If your toddler isn't speaking well or doesn't have the number or words he or she should have by a certain age, talk with your pediatrician about a referral to an audiologist. Many children with speech delays have perfectly fine hearing, but hearing loss is one of the first things you'll want to rule out since speech is such an integral part of how you teach your child to communicate. After all, if he or she can't hear you clearly, how can your little one imitate your speech?

An audiologist can also test children for hearing loss due to other concerns, such as reacting abnormally to common noises, not responding when called or having physical problems with the ears, like frequent ear infections.

How Does an Audiologist Evaluate a Toddler?

Pediatric audiologists are very familiar with testing young children who don't always want to cooperate. You'll be able to be with your child and hold him or her on your lap through most or all of the testing. These are the main testing methods audiologists use when evaluating a toddler or older children who are speech or developmentally delayed.

  • Tympanometry and acoustic reflexes: This test checks for issues with your child's ear drum and middle ear. The audiologist will place small earbuds in your child's ears (while you hold him or her), and a machine will measure how your child's middle ear and eardrum respond to sound at different levels of air pressure.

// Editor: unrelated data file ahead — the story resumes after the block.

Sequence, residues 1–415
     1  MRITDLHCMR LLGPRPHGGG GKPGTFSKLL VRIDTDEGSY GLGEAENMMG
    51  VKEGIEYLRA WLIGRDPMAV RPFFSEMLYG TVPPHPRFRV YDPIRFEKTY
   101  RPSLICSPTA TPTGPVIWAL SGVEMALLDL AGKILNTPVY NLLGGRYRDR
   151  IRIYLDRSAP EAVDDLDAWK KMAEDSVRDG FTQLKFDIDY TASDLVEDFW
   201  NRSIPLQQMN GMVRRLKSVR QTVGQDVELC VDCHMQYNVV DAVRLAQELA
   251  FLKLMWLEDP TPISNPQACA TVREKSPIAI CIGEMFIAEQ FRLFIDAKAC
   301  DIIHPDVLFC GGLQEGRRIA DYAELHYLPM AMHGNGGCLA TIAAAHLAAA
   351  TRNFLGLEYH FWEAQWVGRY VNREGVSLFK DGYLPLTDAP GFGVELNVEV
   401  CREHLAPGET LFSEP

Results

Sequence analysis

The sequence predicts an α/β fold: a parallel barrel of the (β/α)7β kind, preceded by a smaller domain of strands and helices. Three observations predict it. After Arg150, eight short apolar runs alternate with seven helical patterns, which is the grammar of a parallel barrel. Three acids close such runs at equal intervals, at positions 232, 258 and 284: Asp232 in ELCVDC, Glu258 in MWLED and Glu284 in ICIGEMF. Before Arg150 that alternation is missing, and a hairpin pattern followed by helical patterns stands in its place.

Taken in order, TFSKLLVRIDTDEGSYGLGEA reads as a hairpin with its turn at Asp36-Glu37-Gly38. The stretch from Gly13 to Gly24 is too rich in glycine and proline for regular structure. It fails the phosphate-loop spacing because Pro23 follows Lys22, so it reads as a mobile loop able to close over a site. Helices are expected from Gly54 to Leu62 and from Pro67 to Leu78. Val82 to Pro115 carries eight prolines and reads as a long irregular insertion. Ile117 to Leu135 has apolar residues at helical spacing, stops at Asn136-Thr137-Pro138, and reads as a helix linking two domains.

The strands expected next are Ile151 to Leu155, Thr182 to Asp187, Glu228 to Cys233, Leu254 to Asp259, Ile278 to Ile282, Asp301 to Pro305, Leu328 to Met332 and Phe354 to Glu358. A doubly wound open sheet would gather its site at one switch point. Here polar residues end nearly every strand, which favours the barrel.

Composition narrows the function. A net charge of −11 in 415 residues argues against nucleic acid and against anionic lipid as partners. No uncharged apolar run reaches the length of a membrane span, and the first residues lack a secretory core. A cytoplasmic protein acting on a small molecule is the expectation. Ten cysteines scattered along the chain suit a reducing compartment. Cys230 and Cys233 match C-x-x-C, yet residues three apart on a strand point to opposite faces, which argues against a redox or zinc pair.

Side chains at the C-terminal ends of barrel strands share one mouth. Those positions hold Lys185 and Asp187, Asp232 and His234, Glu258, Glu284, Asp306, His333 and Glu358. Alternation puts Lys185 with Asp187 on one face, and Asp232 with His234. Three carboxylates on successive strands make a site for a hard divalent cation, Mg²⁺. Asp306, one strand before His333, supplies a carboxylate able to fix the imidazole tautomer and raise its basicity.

• Visual Reinforcement Audiometry (VRA): For this test, you'll hold your child on your lap in a soundproof booth. The audiologist will be outside the room. There will be a speaker on each side of the room in front of your child, and the audiologist will play sounds at different volumes through the speakers. When your child turns his or her head toward the sound, there will be a visual reward, such as a lighted toy moving around or a television screen with a short clip of a funny cartoon.
  • Conditioned Play Audiometry (CPA): For older toddlers who are 2 1/2 or older, the audiologist may test your child through playing with toys in a soundproof booth. This helps the audiologist test whether your child can hear and understand simple commands in a way that's fun for the child.

What Do I Do With the Results?

If the audiologist determines that there is cause for concern regarding your child's hearing, he or she will refer you to an ear, nose and throat specialist (ENT). The ENT doctor will perform a physical exam of your child's ears to help you determine the best treatment plan. The doctor might recommend medical treatment to resolve the issue, like surgery to drain fluid in the ears.

If your child has hearing loss and there's not a way to directly address the problem with medical treatment, the ENT doctor will discuss your options for assistive devices to help your child hear better, such as hearing aids or a cochlear implant. You'll also have a diagnosis so you can start speech therapy (if your child is not in therapy currently) to help your toddler learn to communicate better.